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Nov 18, 2012 10:30am EST
in america. as part of the third annual jewish community food stamp challenge, they have agreed to try to live on no more than $31.50. that's a week. that's the average sum a person in need receives through the federal food stamp program. rabbi lenny gordon is one of those undertaking the challenge. we joined him as he began his week at mishkan tefila synagogue in chestnut hill, massachusetts. >> i am doing the food stamp challenge, and many of my colleagues are doing it during this week before thanksgiving. and i am sure that this will inform our teaching to our communities, our community thanksgiving events, and our thanksgiving meals. starting off my own personal food stamp challenge with a day with our teenagers is actually very important for me. we're going to do a little menu planning and shopping trip planning before we go to sort of think about what we are going to be looking for, and then to go out there and price it and try as we're going through, creating what essentially will be for me my week's food supply. coming off the book and film, "the hunger games," the kids cam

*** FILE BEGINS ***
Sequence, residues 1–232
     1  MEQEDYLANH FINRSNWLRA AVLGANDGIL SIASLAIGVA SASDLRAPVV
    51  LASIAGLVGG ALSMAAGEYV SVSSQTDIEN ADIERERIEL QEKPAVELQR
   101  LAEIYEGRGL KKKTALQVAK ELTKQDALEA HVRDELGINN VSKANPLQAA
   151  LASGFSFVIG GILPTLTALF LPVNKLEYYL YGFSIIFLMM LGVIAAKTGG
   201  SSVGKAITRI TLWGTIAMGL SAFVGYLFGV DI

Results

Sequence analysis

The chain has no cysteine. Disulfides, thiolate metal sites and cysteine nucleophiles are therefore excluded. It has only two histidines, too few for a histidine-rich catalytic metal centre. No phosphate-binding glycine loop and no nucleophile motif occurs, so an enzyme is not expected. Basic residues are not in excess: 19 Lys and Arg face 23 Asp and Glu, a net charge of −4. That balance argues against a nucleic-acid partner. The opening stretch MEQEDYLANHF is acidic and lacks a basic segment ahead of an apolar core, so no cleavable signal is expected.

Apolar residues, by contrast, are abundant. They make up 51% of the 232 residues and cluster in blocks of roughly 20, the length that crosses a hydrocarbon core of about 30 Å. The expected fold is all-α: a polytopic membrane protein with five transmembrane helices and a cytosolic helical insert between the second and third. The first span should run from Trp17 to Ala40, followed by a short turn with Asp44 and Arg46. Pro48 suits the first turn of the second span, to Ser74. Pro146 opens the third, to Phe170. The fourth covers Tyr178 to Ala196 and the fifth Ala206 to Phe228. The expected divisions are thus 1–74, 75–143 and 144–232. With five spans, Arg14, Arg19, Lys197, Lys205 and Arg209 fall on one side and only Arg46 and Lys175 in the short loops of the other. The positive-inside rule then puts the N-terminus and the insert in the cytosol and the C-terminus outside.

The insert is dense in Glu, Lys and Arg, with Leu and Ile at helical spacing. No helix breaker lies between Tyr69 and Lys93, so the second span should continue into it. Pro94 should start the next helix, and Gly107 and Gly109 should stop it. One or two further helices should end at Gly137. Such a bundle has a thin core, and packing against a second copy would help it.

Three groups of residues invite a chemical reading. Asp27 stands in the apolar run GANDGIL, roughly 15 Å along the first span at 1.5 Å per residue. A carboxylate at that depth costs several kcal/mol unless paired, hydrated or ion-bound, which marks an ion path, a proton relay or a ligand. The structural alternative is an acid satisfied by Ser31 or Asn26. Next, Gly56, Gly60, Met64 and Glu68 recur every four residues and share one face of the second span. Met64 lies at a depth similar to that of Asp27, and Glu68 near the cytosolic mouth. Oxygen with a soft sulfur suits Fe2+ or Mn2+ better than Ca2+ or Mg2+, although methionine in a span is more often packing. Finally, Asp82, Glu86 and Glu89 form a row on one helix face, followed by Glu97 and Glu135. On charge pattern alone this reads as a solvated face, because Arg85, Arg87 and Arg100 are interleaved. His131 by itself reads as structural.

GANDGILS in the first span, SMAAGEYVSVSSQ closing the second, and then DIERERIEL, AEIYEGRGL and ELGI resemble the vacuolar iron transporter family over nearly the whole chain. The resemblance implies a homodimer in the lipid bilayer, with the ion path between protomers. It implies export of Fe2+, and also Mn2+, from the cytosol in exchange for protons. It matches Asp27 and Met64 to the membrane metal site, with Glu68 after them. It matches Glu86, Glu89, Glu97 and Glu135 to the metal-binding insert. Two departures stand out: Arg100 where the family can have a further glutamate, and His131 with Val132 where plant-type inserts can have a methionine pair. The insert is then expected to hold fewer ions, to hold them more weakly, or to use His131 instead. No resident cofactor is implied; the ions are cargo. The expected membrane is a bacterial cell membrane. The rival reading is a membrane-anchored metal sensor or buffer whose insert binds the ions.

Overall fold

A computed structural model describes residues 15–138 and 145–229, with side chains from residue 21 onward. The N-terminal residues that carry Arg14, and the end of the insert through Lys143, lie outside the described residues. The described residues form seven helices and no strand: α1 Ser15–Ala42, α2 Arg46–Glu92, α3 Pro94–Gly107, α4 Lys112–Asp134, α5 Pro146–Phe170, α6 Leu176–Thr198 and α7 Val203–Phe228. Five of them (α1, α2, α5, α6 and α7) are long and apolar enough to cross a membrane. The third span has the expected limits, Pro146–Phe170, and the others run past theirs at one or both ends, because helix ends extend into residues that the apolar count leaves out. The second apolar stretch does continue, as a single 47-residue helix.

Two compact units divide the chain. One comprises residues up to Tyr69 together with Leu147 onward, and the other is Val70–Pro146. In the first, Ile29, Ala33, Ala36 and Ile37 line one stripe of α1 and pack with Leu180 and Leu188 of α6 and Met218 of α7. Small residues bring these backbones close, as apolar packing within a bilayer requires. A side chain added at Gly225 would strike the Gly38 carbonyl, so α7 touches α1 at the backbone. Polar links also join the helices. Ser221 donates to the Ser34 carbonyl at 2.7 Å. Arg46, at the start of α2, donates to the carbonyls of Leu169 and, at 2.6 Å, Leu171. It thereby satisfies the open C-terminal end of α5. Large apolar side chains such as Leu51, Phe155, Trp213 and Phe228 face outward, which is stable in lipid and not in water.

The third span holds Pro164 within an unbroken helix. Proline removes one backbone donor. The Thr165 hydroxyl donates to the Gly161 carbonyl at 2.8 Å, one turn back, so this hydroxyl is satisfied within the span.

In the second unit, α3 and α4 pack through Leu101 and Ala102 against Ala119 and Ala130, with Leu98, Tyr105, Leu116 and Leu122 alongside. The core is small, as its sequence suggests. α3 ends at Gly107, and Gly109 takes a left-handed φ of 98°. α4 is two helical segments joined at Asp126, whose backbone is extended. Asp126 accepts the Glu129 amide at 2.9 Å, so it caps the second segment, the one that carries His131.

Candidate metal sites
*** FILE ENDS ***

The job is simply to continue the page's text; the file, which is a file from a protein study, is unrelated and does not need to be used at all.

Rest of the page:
Nov 25, 2012 10:00am PST
. people 85 and older are the fastest growing group in america, and census projections say their numbers will more than double, to 11.5 million, by the year 2035. >> author jane gross says it's a situation our entire society is unprepared to deal with. her own education began about a decade ago, when she and her brother needed to care for their ailing elderly mother. as a journalist for "the new york times," gross was used to getting information easily. but with this, she says she felt clueless on multiple fronts. >> medical, various entitlement programs like medicare and medicaid and how they work. residential, where was she going to live? legal, financial, those are the most obvious ones but they don't overlap and, you know, you can't make three phone calls and figure them all out. >> based on her experiences, gross started the "new old age blog," and wrote a book called "a bittersweet season: caring for our aging parents and ourselves." with so many people living longer, gross believes one of the biggest social questions is how to pay for their care during the period of long, slow dec
Search Results 0 to 2 of about 3 (some duplicates have been removed)